The final term of the school year is just around the corner with the summer term and longer days signalling a renewed energy and sense of optimism for many. The final drive for learners to be the best that they can be before the next stage of their educational career is on!
It is nevertheless, also the time of year when many children, their parents and educators will be facing SATs and other forms of formal assessment. Topical to say the least and featured almost daily in the media, there is uncertainty on the future of SATs, but one thing is certain......all children, at some point will face and have to deal with exams and testing of some description.
To get through these times, children need to learn how to deploy effective exam preparation techniques. Regardless of your view of SATs or testing in general, if a child is prepared and has a few simple techniques up their sleeve it can make a huge difference to how they approach and react under test conditions. Exam preparation and technique are important skills for children to deal with these situations, both now and into adulthood.
There are a number of resources, approaches and strategies out there to tap into to help children deal with exam situations, nevertheless, in my experience of teaching, simple steps are the best and often overlooked. I've used and come across some tried and tested approaches and techniques that will help and can be used immediately both at home and at school. They may not work for everyone but provide a starting point from which to explore.
11 top tips for sailing through SATs (or any exam)!
Water, water and more water:
It may seem really obvious but hydration is a major factor in ensuring effective and efficient brain function. There are well documented studies that demonstrate the negative effects of dehydration on brain function, concentration and clarity of mind. Downing a 2 litre bottle of water is probably not advisable, resulting in a mid-test toilet stop but sipping regularly before and during an exam will help to keep the brain and body well hydrated and in tip top condition.
There is a lot to be said for “brain food!” No one performs well on an empty stomach. Balanced and nutritious food can help to regulate blood sugar, energy levels and provides stamina. Just as an athlete would treat their body to the best foods to create strong muscles – we need to do the same for the thinking muscle – the brain: Foods like oily fish and wholegrains are reputed to be the best.
Tiredness and sleep deprivation can have detrimental effects on reaction times, capacity to think clearly, positivity and mood. What better excuse for a few extra snoozes, early nights or lie ins and if your child is a poor sleeper, periods of rest or engaging in restful activities such as reading or listening to some relaxing music can serve just as well.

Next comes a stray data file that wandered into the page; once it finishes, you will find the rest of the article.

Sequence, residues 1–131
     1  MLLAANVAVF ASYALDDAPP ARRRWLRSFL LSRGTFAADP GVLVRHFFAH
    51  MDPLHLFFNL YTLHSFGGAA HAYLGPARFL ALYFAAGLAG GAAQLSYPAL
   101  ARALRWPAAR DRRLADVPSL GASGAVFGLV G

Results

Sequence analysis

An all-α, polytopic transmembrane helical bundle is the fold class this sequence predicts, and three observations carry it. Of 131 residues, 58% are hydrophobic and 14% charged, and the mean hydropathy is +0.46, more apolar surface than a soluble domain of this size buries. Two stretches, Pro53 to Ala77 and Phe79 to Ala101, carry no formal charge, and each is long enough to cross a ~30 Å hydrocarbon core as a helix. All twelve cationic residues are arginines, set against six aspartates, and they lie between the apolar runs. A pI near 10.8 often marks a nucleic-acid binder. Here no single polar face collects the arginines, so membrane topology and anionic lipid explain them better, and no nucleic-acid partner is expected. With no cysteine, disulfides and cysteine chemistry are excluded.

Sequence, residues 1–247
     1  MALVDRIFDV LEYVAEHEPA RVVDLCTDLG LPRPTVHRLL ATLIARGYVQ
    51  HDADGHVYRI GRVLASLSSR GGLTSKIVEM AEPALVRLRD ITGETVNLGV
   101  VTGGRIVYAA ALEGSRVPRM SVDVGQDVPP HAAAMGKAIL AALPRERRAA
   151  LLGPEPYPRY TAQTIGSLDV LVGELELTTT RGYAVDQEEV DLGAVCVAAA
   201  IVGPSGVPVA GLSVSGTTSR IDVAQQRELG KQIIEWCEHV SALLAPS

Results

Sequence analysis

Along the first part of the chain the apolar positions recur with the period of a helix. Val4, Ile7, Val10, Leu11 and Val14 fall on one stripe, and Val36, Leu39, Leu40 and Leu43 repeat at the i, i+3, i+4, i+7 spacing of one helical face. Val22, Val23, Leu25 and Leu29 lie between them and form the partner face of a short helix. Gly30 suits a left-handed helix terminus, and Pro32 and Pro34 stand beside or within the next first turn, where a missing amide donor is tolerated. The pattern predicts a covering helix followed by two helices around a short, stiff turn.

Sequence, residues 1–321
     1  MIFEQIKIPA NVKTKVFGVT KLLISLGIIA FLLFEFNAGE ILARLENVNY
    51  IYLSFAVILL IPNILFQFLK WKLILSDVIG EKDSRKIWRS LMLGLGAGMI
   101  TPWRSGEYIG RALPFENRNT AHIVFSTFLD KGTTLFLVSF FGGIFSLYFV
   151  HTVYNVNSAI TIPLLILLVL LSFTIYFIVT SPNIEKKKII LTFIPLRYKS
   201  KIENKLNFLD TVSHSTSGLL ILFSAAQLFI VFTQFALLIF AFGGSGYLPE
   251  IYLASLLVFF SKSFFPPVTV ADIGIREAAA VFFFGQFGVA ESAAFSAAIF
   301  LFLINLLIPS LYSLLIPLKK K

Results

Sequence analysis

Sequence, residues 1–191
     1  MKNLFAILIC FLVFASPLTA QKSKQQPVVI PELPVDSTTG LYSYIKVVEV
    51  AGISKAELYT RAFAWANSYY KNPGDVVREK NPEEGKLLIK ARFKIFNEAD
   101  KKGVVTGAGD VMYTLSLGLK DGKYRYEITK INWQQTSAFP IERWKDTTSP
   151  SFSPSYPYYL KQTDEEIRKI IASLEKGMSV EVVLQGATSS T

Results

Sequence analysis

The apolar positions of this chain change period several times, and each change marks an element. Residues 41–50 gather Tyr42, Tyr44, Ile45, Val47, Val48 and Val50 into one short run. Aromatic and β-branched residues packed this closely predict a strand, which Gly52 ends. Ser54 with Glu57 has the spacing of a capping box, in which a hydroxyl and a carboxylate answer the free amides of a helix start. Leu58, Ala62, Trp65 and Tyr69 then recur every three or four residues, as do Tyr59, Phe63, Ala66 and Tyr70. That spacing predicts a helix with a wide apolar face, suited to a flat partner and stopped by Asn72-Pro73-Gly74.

Downtime and streamline:
Family life is often hectic and packed full. Build in lazy days and downtime on the run up to exams to give you all a much needed rest. Taking a break from a full on schedule of extra-curricular activities before an exam can provide a little extra space to chill and be less busy.
I’m not talking about pouring over notes for hours and hours on end. This method for younger children is often ineffective but children do need some opportunities to practice and review their knowledge. Little and often works best for younger learners so the pomodoro technique might be just the ticket. Post it notes with key facts and vocabulary, pictures, recorded audio prompts and online resources and games are a great ways of revising. Studying in a group, creating a study zone and pretending to be the teacher and teaching someone else are also effective methods. Minimising distractions when focussing on a new or tricky topic or concept can help as can using background music to steady a wondering mind.
Get outside as much as possible and soak up mother nature. Fresh air and exercise are noted factors in supporting and developing wellbeing, positivity, concentration, creative thinking and lifting mood.
Make sure any equipment needed is prepared, working and ready to go. Spare pens, pencils and so on could save precious minutes.
Practise working against the clock and using a clock, watch or timer so that children get used to timing themselves doing tasks. An hour can seem like a lifetime to younger children so build up stamina and start by breaking up tasks into smaller chunks of time. It can help to know how long approximately to spend on a particular task or question. If they are not used to working under time pressure they’ll flag before they reach the end or worse, panic and freeze.
Don't waste time:
Inevitably some tasks or questions will be more challenging than others. Children should be encouraged to not spend too long or waste time on a question to the detriment of answering others that may be easier. Remind them to move on and come back to missed questions when others have been completed.
If your child does have a wobble, breathing exercises can be a great way of banishing anxiety. Practise deep breathing. Focussing on breathing in and out slowly ten times will help regulate heart rate and calm the mind.
Whatever exam or test you and your children are facing try to put it in perspective. This can be hard at the time but it’s a snapshot of performance relating to a particular subject, at a particular time, on a particular day and that’s all it is. It won’t tell you how funny, how kind, how generous or how creative you are! So if you can, remember, no matter what…….. YOUR BEST IS and will be GOOD ENOUGH!
By Jennie Adams on 15th March 2018
Also published in Lindfield Life Magazine. You can download the free magazine and read the article here.